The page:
Washington waded into one of Europe's longest standing diplomatic crises yesterday, less than 24 hours after the US election result, recognising the former Yugoslav Republic Macedonia (FYROM) by its controversially truncated name 'Macedonia'.
The first major policy move since President Bush won a second term was done without consulting the European Union, and flies in the face of strong opposition from Nato ally and FYROM neighbour Greece.
The unilateral move sparked celebration in the tiny country of two million but clearly caught the EU off guard. "The EU has the position at this moment that the official name is FYROM. For the time being we can use this name as we look at the consequences," said Dutch Prime Minister Jan-Peter Balkenende, who holds the EU presidency.
In Skopje, the capital of FRYOM, President Branko Crvenkovski wasted no time in announcing it on national television: "Today is a great day for Macedonia and all Macedonians wherever they are," he said.
But in Athens the response was very different. Foreign Minister Petros Molyviatis called in US Ambassador Thomas Miller to formally protest what he called a 'unilateral decision'. Mr Molyviatis warned that Washington's initiative would have 'many negative effects' but stopped short of spelling them out.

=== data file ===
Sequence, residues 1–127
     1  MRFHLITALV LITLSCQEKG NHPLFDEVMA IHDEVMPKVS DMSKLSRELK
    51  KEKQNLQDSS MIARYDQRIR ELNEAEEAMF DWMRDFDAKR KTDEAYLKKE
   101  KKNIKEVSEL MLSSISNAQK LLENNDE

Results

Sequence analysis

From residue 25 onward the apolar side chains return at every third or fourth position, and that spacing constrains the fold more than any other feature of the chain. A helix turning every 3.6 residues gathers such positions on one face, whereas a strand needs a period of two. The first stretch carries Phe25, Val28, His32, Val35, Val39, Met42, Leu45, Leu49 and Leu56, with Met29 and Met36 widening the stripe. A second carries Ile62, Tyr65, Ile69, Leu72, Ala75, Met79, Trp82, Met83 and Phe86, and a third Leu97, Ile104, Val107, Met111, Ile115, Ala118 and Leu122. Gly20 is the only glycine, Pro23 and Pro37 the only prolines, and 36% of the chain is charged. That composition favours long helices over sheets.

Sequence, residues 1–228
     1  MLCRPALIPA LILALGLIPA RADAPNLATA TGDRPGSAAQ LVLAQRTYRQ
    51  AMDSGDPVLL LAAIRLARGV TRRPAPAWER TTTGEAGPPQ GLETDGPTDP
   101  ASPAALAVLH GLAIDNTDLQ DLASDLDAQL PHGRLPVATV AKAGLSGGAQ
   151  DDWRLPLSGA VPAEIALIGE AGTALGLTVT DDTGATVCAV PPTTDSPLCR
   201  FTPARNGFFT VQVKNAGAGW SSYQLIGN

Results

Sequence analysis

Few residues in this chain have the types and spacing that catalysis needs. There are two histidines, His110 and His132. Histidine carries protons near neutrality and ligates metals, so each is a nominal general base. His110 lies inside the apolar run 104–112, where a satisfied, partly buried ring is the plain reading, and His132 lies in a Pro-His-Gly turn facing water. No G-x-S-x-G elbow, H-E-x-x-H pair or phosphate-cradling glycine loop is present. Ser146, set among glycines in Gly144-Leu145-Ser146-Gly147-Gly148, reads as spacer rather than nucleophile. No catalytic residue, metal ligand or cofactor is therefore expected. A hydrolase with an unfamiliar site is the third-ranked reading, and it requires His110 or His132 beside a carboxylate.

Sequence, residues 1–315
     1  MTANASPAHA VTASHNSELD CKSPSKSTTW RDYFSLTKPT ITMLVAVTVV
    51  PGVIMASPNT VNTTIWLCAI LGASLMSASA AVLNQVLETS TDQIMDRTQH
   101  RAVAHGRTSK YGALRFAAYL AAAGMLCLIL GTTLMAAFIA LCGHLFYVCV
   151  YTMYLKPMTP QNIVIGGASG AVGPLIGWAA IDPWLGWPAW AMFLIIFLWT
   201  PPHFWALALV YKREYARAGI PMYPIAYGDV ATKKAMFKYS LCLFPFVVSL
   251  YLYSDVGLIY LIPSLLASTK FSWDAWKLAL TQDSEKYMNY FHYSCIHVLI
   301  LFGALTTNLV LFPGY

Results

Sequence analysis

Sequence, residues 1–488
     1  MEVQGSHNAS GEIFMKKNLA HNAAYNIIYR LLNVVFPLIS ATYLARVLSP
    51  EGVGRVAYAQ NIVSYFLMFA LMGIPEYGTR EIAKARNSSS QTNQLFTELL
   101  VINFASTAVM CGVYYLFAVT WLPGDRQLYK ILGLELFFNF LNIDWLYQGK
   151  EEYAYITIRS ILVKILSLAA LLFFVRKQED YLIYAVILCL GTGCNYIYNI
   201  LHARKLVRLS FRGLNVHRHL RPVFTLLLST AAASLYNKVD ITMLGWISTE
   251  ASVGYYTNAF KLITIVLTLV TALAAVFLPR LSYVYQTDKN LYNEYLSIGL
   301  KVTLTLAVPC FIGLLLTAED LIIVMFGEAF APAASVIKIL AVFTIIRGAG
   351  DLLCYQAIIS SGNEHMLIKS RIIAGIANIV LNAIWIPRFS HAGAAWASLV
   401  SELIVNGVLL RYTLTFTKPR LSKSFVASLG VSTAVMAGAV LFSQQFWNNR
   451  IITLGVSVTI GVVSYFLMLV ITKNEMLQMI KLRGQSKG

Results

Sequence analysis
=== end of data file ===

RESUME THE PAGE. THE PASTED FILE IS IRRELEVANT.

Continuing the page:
Greece has objected to the name 'Macedonia' since the state on its northern border gained independence from Yugoslavia in 1991. Athens insists its namesake northern prefecture of Greece containing the country's second city Thessaloniki has prior claim to the Macedonia tag.
The root of the dispute is rival claims to the heritage and homeland of Alexander the Great, one of the most emotive issues in Greek culture and history.
Tensions escalated when the Greeks blockaded their landlocked neighbour and after a two-year standoff, Skopje agreed the compromise of calling itself by the provisional name of the "Former Yugoslav Republic of Macedonia" and the country entered the United Nations.
Until yesterday, Greece's Nato and EU allies had unanimously backed Athens' stance. The US recognition was seen as a pay off for their role in the Iraq coalition, where they have sent 32 troops serving with the US-led military alliance. In contrast, Greece has criticised the invasion and occupation.
Athens later sought to play down the apparent snub from Washington. "Late in the afternoon, U.S. Secretary of State, Colin Powell, had a telephone contact with the Greek foreign minister to assure him that the decision is not a turn against Greece and is not linked to the U.S. elections," said Greek government spokesman George Koumoutsakos.
The surprise recognition comes narrowly ahead of Sunday's referendum aimed at overturning a law that afford increased rights to the large Albanian minority. Macedonian nationalists insist that the legislation threatens the integrity of the country but the EU and US support the law syaing that it helps to maintain a multi-ethnic peace.